Alumni Profile: Audrey Flack A’51

Alumni Profile: Audrey Flack A’51

Audrey Flack holds a graduate degree and an honorary doctorate from The Cooper Union, and a Bachelor of Fine Arts degree from Yale University where she was awarded a scholarship under Josef Albers.  She attended New York University’s Institute of Fine Arts where she studied the history of art.

Audrey Flack has taught and lectured extensively both nationally, and internationally.  She taught at Pratt Institute from 1960 to 1968.  She has also taught at New York University, the School of Visual Arts, the National Academy of Design, and The Cooper Union.   She was an honorary professor at George Washington University, and  a visiting professor at the University of Pennsylvania.

Audrey Flack is the recipient of the 1974 Award of Merit from the Butler Institute of American Art and the 1985 Artist of the Year Award from the New York City Teachers Association.  She was a member of the Board of Directors of the College Art Association of America from 1989 to 1994.  She has served as an Alumni Trustee of The Cooper Union since 2008.  She was awarded The Cooper Union Presidential Citation in 1977 and the Augustus Saint Gaudens Medal from The Cooper Union Alumni Association in 1983, and the honorary Albert Dorne professorship from Bridgeport University.  In 2009, she was inducted into The Cooper Union Hall of Fame.

She is a  pioneer of Photorealism and a nationally recognized painter and sculptor.  Ms. Flack’s work is in the collections of major museums around the world, including the Metropolitan Museum of Art, The Museum of Modern Art, the Solomon R. Guggenheim Museum, and Whitney Museum of American Art and the National Museum of Art in Canberra, Australia.  She was the first photorealist painter to have work purchased by the Museum of Modern Art.  Audrey Flack and Mary Cassat were the first women artists to be listed in Janson’s “History of Art” text.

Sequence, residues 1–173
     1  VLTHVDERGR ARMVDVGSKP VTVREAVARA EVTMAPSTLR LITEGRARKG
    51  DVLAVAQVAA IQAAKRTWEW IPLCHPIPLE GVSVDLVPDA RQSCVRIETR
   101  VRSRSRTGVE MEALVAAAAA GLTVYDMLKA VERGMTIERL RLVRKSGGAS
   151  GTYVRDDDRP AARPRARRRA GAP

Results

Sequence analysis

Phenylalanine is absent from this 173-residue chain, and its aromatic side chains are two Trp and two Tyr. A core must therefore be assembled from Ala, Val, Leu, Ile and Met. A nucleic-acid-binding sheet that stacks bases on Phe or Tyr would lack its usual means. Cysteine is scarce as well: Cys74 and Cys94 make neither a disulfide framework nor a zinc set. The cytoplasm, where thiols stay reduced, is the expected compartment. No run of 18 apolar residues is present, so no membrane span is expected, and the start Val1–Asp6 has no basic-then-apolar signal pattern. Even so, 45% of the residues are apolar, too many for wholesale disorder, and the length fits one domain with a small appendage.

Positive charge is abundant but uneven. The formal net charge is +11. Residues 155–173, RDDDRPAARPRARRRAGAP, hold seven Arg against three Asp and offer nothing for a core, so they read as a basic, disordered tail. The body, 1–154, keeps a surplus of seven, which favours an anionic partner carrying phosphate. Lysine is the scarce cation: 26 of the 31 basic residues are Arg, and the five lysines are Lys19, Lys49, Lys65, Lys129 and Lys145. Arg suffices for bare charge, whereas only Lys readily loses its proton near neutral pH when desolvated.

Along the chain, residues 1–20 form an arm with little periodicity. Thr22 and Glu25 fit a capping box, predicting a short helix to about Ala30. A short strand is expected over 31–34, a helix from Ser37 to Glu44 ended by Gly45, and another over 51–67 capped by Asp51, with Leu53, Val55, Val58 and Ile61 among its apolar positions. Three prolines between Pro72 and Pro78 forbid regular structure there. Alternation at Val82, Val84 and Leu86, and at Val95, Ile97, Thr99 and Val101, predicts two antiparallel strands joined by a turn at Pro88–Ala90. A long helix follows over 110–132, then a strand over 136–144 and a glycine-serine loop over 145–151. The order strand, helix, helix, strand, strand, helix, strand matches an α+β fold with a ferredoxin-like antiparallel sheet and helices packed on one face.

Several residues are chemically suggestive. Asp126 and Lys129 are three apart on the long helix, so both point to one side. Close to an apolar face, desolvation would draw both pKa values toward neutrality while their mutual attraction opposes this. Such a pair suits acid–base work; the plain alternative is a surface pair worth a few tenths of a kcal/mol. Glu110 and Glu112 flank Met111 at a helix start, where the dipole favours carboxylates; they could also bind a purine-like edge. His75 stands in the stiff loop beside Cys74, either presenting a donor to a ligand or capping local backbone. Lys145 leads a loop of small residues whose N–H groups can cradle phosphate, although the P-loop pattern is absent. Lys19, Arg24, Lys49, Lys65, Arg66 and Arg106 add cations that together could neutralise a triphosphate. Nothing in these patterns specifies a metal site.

In the early 1980s Audrey changed her primary artistic medium, from painting to sculpture. She produced a series of diverse, heroic women and goddess figures.  In the early 1990s she was commissioned to make a super large statue of Queen Catherine of Braganza (the founder of the New York borough of Queens) to stand opposite the United Nations.

In 2017, the Hollis Taggart Galleries will present a new body of work from Audrey Flack, highlighting her return to two dimensions after nearly three decades working almost exclusively in sculpture.  Learn More

Audrey Flack with Sculpture of Queen Catherine. Galenet Images

Throughout her career, Ms. Flack’s work has been featured in numerous traveling museum exhibitions, including “Twenty-two Realists” (1972) at the Whitney Museum of American Art, New York; “Super Realism” (1975-76) at the Baltimore Museum of Art; “American Painting of the Seventies” (1979) at the Albright-Knox Gallery, Buffalo, NY; Contemporary American Realism” (1981-83) at the Pennsylvania Academy of the Fine Arts, Philadelphia; “Toyama Now, 1981” (1981) at the Museum of Modern Art, Tokyo, Japan; and “Making Their Mark:  Women Artists Move into the Mainstream”(1989) which traveled to the Cincinnati Art Museum, the New Orleans Museum of Art, the Denver Art Museum and the Pennsylvania Academy of the Fine Arts.  Ms. Flack has also held numerous solo exhibitions including at the Roko Gallery, New York; French & Company, New York; and the Louis K. Meisel Gallery, New York, among others.